The mother of all taboos -- why more and more women are choosing not to have children
One in five women is now child-free, but is this an 'unnatural' choice, asks Deirdre Reynolds
Egg-freezing, IVF, surrogacy, donor sperm -- just some of the methods by which modern women are becoming mums.
Contrary to such scientific advances however, could society's last taboo for childless women be deciding you don't want one at all?
In a world of yummy mummies, mumtrepreneurs and SAHMS (stay-at-home mums), some 43% of graduate women aged between 33 and 46 don't have any children, according to a new survey. And despite public perception, not all of them are desperate to have a baby.
With around one in five women now child-free, 'voluntary childlessness' is on the rise here -- and many are happy to voice their choice.
"There was a stigma [to being childless] in the past," says sociologist Dr Catherine Hakim, who has studied the lifestyle phenomenon in Europe. "But the contraceptive revolution has completely changed perspectives.
"Whereas before having children just inevitably happened to all people who got married or had sex, now it's something you have to make a choice about."
If having a baby is seen as one of the most natural things a woman can do though, is choosing not to then, by extension, somehow 'unnatural'?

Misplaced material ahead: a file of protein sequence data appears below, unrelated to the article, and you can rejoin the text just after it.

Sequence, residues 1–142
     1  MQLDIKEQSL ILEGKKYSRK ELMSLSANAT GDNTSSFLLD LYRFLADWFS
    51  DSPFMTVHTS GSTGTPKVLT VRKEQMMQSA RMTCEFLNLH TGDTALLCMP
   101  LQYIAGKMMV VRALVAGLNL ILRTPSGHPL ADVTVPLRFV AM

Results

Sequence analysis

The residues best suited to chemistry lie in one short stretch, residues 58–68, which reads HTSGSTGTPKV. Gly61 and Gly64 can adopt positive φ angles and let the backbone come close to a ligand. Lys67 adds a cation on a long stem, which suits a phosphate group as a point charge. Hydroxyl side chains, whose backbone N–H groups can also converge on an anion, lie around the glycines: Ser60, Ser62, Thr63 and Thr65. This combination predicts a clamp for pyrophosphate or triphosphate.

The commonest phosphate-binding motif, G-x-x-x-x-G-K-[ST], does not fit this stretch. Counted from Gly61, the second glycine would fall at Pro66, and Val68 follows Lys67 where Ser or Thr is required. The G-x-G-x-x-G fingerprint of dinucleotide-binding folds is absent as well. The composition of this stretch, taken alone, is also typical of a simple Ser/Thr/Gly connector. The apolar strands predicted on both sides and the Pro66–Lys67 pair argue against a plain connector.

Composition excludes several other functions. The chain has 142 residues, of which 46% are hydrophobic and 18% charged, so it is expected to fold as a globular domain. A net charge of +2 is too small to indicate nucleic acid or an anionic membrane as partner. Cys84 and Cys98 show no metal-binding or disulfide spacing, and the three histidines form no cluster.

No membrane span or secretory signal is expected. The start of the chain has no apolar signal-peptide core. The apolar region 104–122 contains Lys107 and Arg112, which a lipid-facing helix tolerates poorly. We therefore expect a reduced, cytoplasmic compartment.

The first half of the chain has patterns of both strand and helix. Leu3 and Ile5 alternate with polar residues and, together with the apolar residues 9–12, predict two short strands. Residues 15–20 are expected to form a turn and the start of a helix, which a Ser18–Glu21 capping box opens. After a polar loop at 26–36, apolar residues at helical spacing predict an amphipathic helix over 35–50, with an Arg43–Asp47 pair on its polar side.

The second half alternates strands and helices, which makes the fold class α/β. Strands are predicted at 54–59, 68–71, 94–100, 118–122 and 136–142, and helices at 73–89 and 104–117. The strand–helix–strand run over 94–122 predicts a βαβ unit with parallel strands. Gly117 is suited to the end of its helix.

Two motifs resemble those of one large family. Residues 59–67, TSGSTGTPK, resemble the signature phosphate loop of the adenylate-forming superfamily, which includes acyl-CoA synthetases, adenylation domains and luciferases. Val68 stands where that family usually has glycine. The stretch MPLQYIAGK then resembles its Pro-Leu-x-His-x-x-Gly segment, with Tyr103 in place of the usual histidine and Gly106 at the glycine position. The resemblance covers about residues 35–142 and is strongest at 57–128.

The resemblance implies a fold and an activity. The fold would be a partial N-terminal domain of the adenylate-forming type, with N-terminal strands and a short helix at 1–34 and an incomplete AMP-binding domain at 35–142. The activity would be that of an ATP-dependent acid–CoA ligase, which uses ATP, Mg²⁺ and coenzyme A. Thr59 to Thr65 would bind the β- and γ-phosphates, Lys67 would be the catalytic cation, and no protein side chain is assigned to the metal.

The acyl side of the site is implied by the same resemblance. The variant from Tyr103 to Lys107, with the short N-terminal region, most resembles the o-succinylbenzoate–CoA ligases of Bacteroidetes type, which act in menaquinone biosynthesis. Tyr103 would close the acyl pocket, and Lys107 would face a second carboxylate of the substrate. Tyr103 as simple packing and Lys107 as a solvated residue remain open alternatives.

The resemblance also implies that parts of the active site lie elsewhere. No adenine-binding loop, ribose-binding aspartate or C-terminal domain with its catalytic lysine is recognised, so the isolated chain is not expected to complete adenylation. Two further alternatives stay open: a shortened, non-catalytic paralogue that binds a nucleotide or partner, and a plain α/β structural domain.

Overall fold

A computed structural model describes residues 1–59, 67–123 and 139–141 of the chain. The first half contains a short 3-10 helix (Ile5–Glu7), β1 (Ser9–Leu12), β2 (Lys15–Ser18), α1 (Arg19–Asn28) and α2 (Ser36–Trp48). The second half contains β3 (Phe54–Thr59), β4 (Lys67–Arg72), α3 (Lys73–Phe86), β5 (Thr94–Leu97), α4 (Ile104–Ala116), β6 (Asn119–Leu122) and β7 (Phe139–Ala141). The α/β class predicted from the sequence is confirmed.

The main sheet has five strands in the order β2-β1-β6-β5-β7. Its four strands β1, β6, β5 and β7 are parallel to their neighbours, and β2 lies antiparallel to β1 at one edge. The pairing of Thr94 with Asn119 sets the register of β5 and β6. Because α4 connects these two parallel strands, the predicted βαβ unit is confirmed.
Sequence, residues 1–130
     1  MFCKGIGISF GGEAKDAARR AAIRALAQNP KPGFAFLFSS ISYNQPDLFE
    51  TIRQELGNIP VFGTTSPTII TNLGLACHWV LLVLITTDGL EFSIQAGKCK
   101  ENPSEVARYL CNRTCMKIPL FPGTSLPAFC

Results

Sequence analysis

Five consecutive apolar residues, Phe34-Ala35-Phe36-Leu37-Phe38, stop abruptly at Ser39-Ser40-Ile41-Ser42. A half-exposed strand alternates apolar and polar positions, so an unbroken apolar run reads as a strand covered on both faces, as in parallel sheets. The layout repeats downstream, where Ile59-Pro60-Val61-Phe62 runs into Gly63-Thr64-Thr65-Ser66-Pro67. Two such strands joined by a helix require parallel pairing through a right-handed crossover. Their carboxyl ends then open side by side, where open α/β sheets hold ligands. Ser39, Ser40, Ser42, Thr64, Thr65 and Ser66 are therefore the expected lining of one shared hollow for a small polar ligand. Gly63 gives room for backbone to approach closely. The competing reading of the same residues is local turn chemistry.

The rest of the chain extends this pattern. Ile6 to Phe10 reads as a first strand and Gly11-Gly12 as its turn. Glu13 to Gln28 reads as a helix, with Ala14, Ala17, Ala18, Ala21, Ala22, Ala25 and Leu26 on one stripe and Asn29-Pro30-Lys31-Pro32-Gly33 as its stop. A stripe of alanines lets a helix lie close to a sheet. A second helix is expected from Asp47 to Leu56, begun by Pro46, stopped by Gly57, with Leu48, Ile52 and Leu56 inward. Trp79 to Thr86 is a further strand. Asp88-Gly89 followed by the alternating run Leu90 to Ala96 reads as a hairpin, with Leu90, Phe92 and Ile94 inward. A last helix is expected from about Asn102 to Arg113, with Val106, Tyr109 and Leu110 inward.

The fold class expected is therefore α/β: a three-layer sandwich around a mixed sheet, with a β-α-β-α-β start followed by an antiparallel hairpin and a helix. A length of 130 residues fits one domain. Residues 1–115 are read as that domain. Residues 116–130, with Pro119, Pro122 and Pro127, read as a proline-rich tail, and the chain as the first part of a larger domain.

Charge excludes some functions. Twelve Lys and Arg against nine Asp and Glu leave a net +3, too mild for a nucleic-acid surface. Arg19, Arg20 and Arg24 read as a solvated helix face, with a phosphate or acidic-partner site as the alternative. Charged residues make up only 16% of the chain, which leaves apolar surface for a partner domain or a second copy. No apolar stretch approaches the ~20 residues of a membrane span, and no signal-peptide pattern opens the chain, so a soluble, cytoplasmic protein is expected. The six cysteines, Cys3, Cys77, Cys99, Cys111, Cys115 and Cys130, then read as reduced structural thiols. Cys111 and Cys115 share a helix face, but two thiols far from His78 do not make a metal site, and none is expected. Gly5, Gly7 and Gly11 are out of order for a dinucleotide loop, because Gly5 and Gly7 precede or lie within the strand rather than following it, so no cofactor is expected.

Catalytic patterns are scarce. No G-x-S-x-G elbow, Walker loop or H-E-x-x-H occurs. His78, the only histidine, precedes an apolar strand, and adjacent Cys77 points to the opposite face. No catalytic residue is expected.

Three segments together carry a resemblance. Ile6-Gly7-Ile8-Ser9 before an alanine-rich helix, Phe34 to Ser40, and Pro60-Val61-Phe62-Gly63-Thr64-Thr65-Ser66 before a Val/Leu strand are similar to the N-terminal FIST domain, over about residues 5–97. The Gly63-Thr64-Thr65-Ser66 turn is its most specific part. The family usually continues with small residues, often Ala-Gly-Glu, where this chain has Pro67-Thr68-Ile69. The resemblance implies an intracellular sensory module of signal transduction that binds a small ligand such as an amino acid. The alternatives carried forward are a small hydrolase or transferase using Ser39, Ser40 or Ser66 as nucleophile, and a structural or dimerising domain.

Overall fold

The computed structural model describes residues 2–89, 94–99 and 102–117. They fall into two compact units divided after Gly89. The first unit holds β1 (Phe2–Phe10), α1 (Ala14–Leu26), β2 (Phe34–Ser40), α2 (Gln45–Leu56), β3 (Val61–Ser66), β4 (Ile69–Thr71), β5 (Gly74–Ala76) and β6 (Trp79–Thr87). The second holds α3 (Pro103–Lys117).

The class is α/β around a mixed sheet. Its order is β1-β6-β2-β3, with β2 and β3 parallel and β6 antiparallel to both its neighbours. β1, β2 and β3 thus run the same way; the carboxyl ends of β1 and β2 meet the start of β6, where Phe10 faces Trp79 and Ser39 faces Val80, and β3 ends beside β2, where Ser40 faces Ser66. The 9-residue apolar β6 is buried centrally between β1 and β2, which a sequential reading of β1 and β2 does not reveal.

'Traditionally, there was an assumption that all women wanted to get married and start a family," says Suzanne Condron, consultant psychologist at Connolly Counselling Centre in Stillorgan, "and even today, going against that can be a bit taboo. There can be a perception: 'Well, you've got a womb, you're obviously meant to use it.'
"I'm sure there are lots of women down through the years who didn't want children, but ended up having them because of the lack of availability of contraception or social norms," she adds. "Young women now are thinking a lot more about getting married and having children -- and with divorce rates the way they are, that can only be a good thing."
Gen X celeb Cameron Diaz (39), for one, has made no secret of the fact that she's not sold on motherhood.
"Having children changes your life drastically, and I really love my life," she has said. "Children aren't the only things that bring you gratification and happiness, and it's easier to give life than to give love, so I don't know.
"That kind of change would have to be either very well thought out, or a total mistake -- a real oops!"
But when their biological clock finally ticks its last, will such child-free women live to regret not becoming a granny? -- as is so often counter-argued by mums.
"I realised when I was very young that motherhood wasn't my bag," explains childless journalist Polly Vernon (39) of why she's sure she won't change her mind.
"I don't want children. I never have. The older I get, the more delighted I am knowing that my fertility is dwindling and my eggs are shrivelling. I never wanted a womb anyway."
"Just like having a child, deciding not to have a child is not something you take lightly," adds psychologist Suzanne Condron.
"So I think the likelihood of these women living to regret their decision is slim. Some people simply aren't cut out to be parents."